Grid expectations: how upgrading the UK’s energy system will touch your life

The most ambitious upgrade to the UK's electricity grid in generations is under way – and it will have an impact on all of us.

For almost 90 years the UK’s electricity grid has served us well. So well, in fact, that it's easy to take for granted. We put the kettle on and know it will boil. Flick a switch and there's light. But with the shift from fossil fuels to cleaner energy, the grid, which we rely on so much in our day-to-day lives, is in need of an upgrade.

That’s because it was originally engineered to connect coal and gas-fired power stations that were built on the coal seams running down the centre of the country. But our reliance on fossil fuels is being replaced by renewable sources of energy, which are generated in large part by offshore windfarms, as well as solar. So significant new infrastructure is needed to connect that renewable energy from where it’s generated to where it’s needed by homes and businesses right across the country. 

Man and two children playing with kites in field with wind turbines

The Great Grid Upgrade – the largest overhaul of the UK’s electricity transmission grid in generations – represents a significant shift in infrastructure development. Joseph Northwood, Director of Portfolio Development and Strategy, said: “Over the next decade we will be undertaking one of the biggest ever infrastructure build outs in the UK, with 17 major onshore and offshore projects to deliver. That is the step change required.”

So why is it needed and how will it touch all our lives?

Adding value to the economy 

We need to build five times more electricity transmission infrastructure over the next six years than we’ve constructed over the past three decades – something that could provide a serious boost to the economy. According to government figures, The Great Grid Upgrade could create as many as 130,000 jobs and contribute up to £11bn to the economy. 

“These aren’t just engineering and construction jobs,” says Joseph, “We’re going to need a huge range of skills to deliver these projects from design through to delivery – chartered surveyors, planners, IT and environmental professionals, procurement specialists, visual designers, project managers, apprentices and many more.”

The wide geographic scope of the upgrades means new jobs will be distributed right across the country. And it’s not just the projects themselves that will stimulate job creation – connecting more renewables to the grid will see new job opportunities in other areas too, such as solar and wind, as well as the automotive sector (through increasing demand for electric vehicles) and heat pump market.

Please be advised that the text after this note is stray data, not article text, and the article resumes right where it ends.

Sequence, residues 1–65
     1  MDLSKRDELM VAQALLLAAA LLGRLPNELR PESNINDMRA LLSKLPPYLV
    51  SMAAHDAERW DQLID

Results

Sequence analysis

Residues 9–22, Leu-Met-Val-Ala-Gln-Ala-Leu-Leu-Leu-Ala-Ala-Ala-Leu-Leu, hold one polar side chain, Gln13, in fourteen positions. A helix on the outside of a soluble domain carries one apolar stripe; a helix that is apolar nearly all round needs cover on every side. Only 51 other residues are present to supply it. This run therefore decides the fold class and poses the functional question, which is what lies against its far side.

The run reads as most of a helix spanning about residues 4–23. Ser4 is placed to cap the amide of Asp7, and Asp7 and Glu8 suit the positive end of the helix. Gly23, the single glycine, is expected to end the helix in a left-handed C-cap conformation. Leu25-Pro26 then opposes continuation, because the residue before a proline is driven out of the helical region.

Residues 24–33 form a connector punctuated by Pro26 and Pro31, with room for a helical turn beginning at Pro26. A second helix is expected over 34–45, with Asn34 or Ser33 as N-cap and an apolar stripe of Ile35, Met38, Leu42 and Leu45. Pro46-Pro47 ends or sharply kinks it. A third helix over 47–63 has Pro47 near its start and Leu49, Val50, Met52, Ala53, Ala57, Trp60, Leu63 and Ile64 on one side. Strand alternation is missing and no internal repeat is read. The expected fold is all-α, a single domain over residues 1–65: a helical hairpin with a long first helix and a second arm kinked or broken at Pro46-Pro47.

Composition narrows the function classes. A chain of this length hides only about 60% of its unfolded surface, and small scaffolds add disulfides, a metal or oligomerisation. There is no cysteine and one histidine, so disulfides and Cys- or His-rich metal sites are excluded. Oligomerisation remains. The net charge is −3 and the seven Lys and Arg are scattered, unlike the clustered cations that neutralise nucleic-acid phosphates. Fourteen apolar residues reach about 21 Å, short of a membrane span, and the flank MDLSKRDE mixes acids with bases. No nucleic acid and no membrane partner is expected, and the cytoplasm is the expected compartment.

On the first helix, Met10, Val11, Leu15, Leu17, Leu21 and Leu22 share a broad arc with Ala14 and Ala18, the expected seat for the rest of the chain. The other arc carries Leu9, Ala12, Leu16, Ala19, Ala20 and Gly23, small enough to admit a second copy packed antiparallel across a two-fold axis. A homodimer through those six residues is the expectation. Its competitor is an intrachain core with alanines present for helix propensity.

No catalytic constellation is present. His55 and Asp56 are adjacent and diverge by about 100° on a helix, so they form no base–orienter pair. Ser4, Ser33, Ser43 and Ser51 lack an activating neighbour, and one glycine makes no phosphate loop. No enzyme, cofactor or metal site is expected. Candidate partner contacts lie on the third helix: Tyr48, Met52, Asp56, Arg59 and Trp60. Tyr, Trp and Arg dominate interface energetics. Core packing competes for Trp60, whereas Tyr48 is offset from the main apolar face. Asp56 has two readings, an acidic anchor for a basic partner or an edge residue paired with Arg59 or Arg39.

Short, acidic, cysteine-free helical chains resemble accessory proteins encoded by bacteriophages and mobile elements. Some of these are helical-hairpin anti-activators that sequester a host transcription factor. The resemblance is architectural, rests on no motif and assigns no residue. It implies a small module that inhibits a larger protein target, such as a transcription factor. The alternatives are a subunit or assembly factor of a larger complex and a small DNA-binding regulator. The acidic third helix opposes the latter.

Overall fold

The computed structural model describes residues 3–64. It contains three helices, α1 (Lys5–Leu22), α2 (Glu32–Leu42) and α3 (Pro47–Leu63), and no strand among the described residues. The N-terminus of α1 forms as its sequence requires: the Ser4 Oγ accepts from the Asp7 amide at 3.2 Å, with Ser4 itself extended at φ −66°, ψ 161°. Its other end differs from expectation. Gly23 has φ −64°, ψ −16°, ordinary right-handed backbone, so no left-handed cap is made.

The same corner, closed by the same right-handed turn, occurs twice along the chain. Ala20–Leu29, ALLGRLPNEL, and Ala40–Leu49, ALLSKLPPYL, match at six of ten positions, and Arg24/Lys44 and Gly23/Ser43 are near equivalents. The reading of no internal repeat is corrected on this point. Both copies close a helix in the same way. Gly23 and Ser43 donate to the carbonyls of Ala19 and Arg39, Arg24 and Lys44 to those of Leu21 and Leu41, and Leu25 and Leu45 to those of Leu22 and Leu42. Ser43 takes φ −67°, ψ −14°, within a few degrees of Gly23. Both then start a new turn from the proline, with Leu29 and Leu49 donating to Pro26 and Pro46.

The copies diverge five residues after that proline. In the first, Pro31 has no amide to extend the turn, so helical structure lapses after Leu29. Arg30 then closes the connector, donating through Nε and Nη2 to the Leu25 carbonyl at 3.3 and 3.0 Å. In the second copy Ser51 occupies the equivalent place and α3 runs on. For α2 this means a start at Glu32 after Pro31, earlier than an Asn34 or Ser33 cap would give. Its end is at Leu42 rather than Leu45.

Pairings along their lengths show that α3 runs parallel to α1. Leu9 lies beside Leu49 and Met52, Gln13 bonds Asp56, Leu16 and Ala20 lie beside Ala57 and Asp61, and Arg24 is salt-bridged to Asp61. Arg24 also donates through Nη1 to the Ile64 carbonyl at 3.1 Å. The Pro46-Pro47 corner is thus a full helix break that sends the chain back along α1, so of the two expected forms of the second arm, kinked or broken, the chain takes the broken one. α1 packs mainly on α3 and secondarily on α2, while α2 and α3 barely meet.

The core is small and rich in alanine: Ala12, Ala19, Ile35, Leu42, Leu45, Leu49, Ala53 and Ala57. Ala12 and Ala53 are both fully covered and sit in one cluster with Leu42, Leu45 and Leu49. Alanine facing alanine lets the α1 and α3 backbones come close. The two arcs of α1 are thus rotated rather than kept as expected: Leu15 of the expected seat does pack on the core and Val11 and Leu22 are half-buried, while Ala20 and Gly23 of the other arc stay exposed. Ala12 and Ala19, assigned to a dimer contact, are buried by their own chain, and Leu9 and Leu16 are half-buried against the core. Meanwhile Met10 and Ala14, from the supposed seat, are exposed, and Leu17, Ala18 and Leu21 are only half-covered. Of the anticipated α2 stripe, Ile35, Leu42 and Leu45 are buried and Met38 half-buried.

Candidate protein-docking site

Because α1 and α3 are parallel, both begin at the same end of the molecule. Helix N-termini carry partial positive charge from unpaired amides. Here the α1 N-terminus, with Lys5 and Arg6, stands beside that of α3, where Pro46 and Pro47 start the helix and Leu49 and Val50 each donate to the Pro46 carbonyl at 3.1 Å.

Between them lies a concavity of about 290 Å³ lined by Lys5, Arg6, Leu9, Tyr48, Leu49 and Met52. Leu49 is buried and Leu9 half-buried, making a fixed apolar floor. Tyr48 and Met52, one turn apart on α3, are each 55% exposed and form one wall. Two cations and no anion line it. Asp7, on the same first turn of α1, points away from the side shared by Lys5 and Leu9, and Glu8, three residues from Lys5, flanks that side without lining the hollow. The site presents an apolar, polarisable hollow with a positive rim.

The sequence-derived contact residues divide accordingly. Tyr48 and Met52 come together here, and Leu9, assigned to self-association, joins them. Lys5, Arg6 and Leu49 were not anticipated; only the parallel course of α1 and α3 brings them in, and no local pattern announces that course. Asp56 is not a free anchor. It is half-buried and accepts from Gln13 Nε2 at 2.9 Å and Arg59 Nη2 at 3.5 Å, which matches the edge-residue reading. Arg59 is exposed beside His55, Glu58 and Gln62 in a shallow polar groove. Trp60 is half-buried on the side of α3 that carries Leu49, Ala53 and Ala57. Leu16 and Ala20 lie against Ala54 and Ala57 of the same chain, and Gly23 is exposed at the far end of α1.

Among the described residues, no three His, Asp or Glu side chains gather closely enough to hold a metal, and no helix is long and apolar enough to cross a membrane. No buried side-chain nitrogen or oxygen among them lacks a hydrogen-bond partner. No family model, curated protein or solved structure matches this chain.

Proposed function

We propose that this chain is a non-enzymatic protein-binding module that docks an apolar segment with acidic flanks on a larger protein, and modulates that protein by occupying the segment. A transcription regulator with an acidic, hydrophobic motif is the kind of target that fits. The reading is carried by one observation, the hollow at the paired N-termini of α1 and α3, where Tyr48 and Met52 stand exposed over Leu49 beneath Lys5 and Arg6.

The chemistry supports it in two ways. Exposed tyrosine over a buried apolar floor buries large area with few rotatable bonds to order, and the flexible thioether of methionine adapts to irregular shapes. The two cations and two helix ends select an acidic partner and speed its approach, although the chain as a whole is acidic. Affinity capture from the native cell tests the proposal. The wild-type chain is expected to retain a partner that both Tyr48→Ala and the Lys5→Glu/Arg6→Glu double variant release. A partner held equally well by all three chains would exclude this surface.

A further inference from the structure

“It also creates an opportunity for the UK to put itself on the map as an economy that is leaning into the green energy transition,” says Joseph. “If we develop those skills in the UK, they can be further utilised by other economies as they go through their energy transition.”

Three people wearing full PPE looking at paperwork with electricity substation in the background

Safeguarding national energy security

Replacing expensive imported fossil fuels with cheaper, cleaner, domestic sources of energy will prevent the kind of big hikes in our bills we saw after the Russian invasion of Ukraine in 2022. 

“When you look at energy bills, the bit that fluctuates most is the commodity, because it’s a finite resource and it is less secure,” says Joseph. 

“The energy transition will bring that volatile component down. That resilience, the security and diversity of supply, is going to be delivered by this infrastructure and we are working hard to deliver a network that enables this, while delivering a secure, diverse mix of clean energy to our hospitals, schools, homes and businesses.”

Helping the UK to reach net zero at pace

If we’re to achieve net zero by 2050, as the climate emergency requires us to, millions of UK households and many thousands of businesses will need to adopt new technologies. Joseph said: “Technological evolution and innovation create a demand for energy that has to be catered for.”

And these changes could also be good for your finances: the Treasury’s Net Zero Review suggested that the average electricity bill in 2050 for a household with an electric vehicle and a heat pump could be broadly similar or even lower than the average electricity, heat and transport fuel costs for a household in 2019 with an internal combustion engine vehicle and a gas boiler. 

The electrification of heating, transport and industry is expected to result in a rapid increase in demand: by 2050, we could be using twice as much electricity as we do today. The government has set a target of adding up to 50GW of offshore wind to Britain’s energy mix by 2030 and is also targeting a fivefold increase in solar deployment, to 70GW, by 2035. 

But we can’t connect these new clean, green sources of supply to the grid without upgrading our electricity infrastructure. Getting new renewable energy projects connected to the grid as quickly as possible will give the UK a much better chance of successfully achieving net zero and bringing bills down.

The Great Grid Upgrade is, in that sense, the very foundation of the country’s energy transition. “The fundamental point of the transition is to sustain and to enhance the environment we live in,” said Joseph, “ensuring that it is preserved not only for our generation, but generations to come.”

Find out more about The Great Grid Upgrade


Originally published in The Guardian on 5 March 2024. Byline: Duncan Jefferies

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